Southern Miss 75, Memphis 72: In one of the best games of the night — a game that didn’t actually get on the air until midway through the first half thanks to a high school football all-star game — Southern Miss won their 16th game in the last 17 outings, taking over sole possession of first place in the Conference USA standings. Darnell Dodson had 23 points and Neil Watson added 17 as USM did everything they could down the stretch to give the game back to Memphis. Chris Crawford missed a decent look at a three as time expired, however, the first time Southern Miss has beaten the Tigers in 18 tries. Its worth noting that, when USM lost to Memphis, it was because the Golden Eagles missed a three at the buzzer to win it. Can we get a grudge match?

Texas-Arlington 67, Texas-San Antonio 66: LaMarcus Reed scored 24 points as UTA christened their new arena with a win that moved them into sole possession of first place in the Southland.

The Atlantic 10: The conference just gets weirder and weirder. So here’s what happened last night: Xavier won a tight game against George Washington; UMass lost in overtime to Rhode Island; St. Joe’s beat Richmond on the road; Temple and La Salle beat Fordham and Charlotte, respectively, at home; Dayton lost their third game in a row to Duquesne at home; and St. Bonaventure blew out St. Louis.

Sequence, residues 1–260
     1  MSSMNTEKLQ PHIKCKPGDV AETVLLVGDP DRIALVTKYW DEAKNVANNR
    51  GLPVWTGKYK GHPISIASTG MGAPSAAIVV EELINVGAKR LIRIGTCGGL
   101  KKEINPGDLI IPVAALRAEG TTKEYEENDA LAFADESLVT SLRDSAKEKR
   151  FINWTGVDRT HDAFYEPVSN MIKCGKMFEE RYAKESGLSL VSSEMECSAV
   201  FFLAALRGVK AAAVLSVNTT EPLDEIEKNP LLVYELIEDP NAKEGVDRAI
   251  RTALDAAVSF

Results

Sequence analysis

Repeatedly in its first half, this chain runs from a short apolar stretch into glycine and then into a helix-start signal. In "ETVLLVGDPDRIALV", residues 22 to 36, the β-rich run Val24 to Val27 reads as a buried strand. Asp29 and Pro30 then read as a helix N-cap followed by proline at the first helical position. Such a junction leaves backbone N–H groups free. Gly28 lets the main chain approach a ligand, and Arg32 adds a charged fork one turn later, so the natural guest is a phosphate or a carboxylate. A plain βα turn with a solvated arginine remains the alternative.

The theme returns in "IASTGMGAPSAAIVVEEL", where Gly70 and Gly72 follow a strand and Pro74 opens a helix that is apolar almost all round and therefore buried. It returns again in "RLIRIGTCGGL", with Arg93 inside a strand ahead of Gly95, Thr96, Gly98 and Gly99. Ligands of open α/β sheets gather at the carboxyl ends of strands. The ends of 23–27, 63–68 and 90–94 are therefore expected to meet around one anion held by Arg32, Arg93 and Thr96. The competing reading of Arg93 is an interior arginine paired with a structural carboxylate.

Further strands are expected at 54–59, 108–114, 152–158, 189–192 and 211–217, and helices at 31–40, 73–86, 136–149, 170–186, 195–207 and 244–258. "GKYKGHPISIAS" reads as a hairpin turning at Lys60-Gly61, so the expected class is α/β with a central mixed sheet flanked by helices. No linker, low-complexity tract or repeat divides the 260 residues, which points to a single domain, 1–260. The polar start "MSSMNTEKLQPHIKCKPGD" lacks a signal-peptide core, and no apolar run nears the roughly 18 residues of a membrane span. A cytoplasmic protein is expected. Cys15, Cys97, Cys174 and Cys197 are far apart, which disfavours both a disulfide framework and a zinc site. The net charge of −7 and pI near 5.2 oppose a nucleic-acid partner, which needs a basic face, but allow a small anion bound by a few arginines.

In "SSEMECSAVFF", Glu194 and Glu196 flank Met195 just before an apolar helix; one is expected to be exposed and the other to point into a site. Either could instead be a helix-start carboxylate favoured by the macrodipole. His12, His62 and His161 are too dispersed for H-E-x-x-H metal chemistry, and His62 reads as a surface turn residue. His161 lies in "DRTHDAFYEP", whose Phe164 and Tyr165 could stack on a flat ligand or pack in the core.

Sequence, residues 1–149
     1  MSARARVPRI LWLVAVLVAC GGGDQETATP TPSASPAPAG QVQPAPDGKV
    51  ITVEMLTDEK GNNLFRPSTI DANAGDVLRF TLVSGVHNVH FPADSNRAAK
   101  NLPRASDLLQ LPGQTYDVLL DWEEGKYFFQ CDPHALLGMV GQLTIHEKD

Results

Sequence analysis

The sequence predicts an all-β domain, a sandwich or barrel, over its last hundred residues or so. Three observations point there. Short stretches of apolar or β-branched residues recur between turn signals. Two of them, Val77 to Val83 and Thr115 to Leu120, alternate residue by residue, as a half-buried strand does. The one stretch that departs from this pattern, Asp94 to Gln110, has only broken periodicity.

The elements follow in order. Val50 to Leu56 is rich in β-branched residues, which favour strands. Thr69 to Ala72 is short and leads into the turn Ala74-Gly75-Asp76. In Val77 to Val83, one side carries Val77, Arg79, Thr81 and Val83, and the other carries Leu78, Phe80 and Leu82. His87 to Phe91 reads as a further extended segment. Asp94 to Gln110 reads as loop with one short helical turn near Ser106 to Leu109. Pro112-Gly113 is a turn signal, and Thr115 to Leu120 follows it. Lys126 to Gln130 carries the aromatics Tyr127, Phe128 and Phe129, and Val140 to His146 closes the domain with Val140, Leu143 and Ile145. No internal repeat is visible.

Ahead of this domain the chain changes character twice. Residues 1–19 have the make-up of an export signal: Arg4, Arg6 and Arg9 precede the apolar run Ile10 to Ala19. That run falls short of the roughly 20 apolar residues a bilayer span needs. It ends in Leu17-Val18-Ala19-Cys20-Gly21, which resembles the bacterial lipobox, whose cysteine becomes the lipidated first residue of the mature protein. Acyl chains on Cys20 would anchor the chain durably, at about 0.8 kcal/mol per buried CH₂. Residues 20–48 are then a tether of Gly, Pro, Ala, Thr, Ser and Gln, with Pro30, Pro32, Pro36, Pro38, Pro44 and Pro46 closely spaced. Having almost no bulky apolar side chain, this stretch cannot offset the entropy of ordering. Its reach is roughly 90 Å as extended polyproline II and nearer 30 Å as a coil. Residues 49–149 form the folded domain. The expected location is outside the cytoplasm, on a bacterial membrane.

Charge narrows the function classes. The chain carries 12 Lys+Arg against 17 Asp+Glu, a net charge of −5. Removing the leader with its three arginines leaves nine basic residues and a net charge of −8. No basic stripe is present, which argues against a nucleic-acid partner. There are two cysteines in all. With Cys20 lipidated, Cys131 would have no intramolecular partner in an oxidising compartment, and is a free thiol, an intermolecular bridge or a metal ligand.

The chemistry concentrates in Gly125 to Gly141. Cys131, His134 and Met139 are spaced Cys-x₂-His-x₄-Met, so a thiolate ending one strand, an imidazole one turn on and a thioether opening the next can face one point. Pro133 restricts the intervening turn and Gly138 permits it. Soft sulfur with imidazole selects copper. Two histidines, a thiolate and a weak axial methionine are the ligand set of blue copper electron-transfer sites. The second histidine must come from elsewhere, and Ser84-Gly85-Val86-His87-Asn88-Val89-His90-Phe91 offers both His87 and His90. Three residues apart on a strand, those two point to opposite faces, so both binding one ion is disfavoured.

What’s that mean?

La Salle (?!) is currently sitting all alone in first place in the league at 6-2. Temple, at 5-2, and Xavier, at 6-3, are both a half game back. St. Louis, UMass and St. Bonaventure are all 5-3 while Dayton, Duquesne and St. Joe’s are all 4-4. Got it? Good. There will be a quiz on Friday.

The CAA: Quite obviously, the big news in the Colonial is that George Mason, who had been holding on to first place in the conference, lost at Delaware on Wednesday night. With Drexel and VCU both winning, it now means there is a three-way tie for first place in the league, with Old Dominion sitting just a game back in the win column.

The rest of the top 25: